CVS Health faces a class action lawsuit over claims the pharmacy chain falsely advertised its flushable wipes as safe for sewer and septic systems, indicating the product has actually caused wide spread plumbing problems and property damage after the wipes were found to be clogging pipes.
The complaint (PDF) was filed in the U.S. District Court for the Eastern District of New York on November 11, naming CVS Health Corporation and Nice-Pak Products as defendants, alleging that cleansing wipes were marketed as flushable, even though they lack the ability to effectively disintegrate. This has reportedly contributed to hundreds of millions in damages annually.
The CVS “flushable” wipes lawsuit was brought by New York resident, Scott Cholewa, indicating that Flushable Cleansing Wipes and Health Maximum Strength Formula Medicated Wipes were labeled as biodegradable and safe to flush, despite failing to meet Federal Trade Commission (FTC) guidelines.
Under FTC guidelines flushable wipes must be designed to break down in a short amount of time after consumers flush them to avoid clogging or other operational problems in household and municipal sewage lines, septic systems, and other standard wastewater equipment.
According to the lawsuit, CVS flushable wipes do not meet any of the criteria required to advertise the products as flushable products, and as a result have caused consumers to flush the products, which have resulted in plumbing issues.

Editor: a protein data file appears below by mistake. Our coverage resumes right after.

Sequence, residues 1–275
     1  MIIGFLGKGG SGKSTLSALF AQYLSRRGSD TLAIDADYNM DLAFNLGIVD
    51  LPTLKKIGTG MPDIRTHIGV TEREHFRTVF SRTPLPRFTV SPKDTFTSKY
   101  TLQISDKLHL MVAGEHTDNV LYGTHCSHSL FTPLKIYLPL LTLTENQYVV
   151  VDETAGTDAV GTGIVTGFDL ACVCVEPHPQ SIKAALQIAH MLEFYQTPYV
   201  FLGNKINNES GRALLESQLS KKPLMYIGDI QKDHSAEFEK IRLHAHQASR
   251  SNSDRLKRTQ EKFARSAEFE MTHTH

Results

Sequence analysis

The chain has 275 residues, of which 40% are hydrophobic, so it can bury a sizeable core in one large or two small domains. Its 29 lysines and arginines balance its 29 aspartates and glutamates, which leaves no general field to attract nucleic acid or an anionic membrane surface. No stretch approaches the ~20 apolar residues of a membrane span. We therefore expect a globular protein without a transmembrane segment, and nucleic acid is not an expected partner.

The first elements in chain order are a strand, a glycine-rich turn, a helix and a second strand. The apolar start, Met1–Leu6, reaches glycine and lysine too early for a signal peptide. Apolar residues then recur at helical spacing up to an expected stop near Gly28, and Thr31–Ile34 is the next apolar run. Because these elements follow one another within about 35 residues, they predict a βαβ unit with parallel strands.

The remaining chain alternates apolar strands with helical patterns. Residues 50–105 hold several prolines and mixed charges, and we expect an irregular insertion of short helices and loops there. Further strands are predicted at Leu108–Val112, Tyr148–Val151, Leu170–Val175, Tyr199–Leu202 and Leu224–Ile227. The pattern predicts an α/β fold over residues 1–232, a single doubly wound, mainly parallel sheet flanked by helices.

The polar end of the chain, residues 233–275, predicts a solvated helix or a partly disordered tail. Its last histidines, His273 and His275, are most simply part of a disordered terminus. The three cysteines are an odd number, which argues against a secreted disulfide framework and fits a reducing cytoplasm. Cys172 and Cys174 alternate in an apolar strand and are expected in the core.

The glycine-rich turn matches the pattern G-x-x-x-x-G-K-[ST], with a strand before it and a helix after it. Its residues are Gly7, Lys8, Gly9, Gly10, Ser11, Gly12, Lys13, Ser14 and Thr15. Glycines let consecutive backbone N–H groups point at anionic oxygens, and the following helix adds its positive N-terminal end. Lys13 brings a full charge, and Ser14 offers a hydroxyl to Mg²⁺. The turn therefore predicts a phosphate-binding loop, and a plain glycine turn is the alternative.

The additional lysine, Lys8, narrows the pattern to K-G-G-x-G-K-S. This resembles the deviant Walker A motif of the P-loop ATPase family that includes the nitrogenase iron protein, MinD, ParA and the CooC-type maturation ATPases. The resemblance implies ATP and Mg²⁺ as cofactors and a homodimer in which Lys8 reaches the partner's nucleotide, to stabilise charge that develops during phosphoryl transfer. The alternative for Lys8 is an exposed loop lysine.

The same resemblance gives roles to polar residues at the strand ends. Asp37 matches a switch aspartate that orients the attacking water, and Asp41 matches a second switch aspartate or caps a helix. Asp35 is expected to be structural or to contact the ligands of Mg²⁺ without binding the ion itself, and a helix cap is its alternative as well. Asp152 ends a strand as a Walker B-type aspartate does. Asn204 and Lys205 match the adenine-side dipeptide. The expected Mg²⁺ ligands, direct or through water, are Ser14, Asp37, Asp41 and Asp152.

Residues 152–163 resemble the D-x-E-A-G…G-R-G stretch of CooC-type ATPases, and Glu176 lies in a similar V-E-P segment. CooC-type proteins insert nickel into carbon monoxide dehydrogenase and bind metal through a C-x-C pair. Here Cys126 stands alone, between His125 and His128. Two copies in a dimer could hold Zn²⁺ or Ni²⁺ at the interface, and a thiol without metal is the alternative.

Cholewa indicates his home’s plumbing system backed up in March, after flushing a CVS wipe, which resulted in the need for professional plumbers to remove the clog. The incident also resulted in widespread water damage to his home, which necessitated the removal of flooring in several rooms.
Cholewa claims the misleading misrepresentations that CVS Flushable Wipes are suitable to be flushed not only resulted in financial damages to his home, but that he would not have paid a premium for the products if not for CVS’s fraudulent advertising of its products.
The lawsuit presents claims of negligent misrepresentation, breach of warranty and violations of New York consumer protection laws, seeking statutory damages, compensatory damages, punitive damages, restitution, disgorgement, court costs and attorneys’ fees on behalf of Cholewa and all other similarly situated consumers who were deceptively mislead by fraudulent marketing claims.
Flushable cleansing wipes may be used for a variety of purposes, including baby care, hand washing, feminine and other personal cleansing, removing makeup, and applying products such as deodorants and sunless tanners, among other uses.
The products have become increasingly popular over the last decade, with the Flushable Wipes industry recording $2.1 billion in sales in 2018, and sales projected to be as high as $3.5 billion by 2023.
However, some have claimed the growing popularity of the products to be a direct threat to sewer and septic systems across the U.S., with the National Association of Clean Water Agencies (NACWA) estimated flushable wipes cause approximately $441 million per year in additional operating costs in the collection systems of clean water utilities.
Another study conducted in 2019 by Ryerson University in Toronto examined 101 single-use wipes products, including 23 wipes products labeled as “flushable” by the manufacturer. According to the results of their tests, none of the products disintegrated or dispersed enough to safely pass through the average home’s plumbing system.